The report — which exceeded analyst estimates on earnings, revenue and same-store sales — showed that changes made by CEO Marvin Ellison have started to take root and draw more customers.
The company's stock gained more than 10%, closing at $108 a share Wednesday.
"Lowe's has lagged for years. Looking at this report quickly, looking at the last couple of reports, it seems that under the guidance of Marvin, the new CEO, Lowe's is really getting its act together," Oppenheimer analyst Brian Nagel said on CNBC's "Squawk Box." "And frankly, if we're right here and this continues, the stock has a long way to run."
Here's how the company did, compared with what Wall Street was expecting, according to Refinitiv consensus estimates:
"We capitalized on spring demand, strong holiday event execution and growth in paint and our pro business to deliver strong second quarter results," said Ellison, who became CEO just over a year ago. "Despite lumber deflation and difficult weather, we are pleased that we delivered positive comparable sales in all 15 geographic regions of the U.S."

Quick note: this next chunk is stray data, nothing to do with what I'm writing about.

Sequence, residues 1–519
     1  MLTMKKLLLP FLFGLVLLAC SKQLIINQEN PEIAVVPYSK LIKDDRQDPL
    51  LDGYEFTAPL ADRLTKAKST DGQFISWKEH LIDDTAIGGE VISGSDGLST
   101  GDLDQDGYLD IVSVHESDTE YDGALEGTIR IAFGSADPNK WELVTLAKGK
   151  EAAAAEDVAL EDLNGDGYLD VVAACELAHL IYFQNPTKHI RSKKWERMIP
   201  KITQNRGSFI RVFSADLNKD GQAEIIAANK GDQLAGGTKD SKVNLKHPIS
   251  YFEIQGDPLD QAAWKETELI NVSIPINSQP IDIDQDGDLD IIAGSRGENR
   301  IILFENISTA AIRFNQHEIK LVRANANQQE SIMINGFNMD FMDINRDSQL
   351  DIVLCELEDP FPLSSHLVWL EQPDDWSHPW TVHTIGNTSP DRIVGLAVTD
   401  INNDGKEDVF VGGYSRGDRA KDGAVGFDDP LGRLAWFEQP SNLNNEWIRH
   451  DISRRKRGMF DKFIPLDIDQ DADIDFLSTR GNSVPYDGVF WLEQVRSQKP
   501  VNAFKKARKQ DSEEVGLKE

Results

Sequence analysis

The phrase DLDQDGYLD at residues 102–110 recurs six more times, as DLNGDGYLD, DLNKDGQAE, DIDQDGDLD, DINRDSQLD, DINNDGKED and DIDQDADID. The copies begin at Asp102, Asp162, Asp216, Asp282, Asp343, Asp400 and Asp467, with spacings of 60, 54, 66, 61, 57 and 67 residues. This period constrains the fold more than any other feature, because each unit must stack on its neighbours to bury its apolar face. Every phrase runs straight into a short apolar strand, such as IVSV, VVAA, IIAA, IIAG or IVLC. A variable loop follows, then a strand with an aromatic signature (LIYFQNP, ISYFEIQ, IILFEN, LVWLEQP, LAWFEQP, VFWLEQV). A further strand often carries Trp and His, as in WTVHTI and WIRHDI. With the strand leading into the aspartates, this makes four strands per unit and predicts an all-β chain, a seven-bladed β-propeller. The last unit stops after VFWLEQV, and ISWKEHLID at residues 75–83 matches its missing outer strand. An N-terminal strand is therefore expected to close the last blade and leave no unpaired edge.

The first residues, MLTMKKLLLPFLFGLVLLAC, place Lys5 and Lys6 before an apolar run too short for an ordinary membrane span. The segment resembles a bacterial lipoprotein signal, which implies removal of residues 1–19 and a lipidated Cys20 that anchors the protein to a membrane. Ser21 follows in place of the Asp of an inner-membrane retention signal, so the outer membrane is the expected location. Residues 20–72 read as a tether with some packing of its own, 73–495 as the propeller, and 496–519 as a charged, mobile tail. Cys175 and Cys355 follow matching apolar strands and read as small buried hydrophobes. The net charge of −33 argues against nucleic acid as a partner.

Deflation in the price of lumber also hurt Home Depot, which reported better-than-expected earnings Tuesday but missed on sales and cut its outlook for the year. Home Depot also said tariffs on Chinese goods were projected to impact the company's sales.
Lowe's earnings guidance for the fiscal year ending Jan. 31 remained the same: adjusted earnings per share ranging from $5.45 to $5.65.
Lowe's net income rose 10% to $1.68 billion, or $2.14 a share, during the fiscal quarter ended Aug. 2, compared with $1.52 billion, or $1.86 a share a year earlier. Excluding one-time items, it earned $2.15 a share, surpassing analyst expectations by 14 cents.
Revenue during the second quarter rose slightly to $20.99 billion, exceeding expectations of $20.94 billion.
Sales at Lowe's stores open at least 12 months improved 2.3%, beating the expected 1.9% increase. The company also reported U.S. same-store sales were up 3.2%, slightly higher than Home Depot's 3.1% in the U.S.
Earlier this month, Lowe's announced plans to lay off thousands of workers, and last year said it is shuttering stores to reduce costs. Ellison's initiatives also include the creation of a technology hub in Charlotte, North Carolina, that will house as many as 2,000 workers.
The company said it repurchased $1.96 billion of stock and paid $382 million in dividends in the second quarter.
Shares of Lowe's have risen almost 6% since January, valuing the company at around $76.62 billion.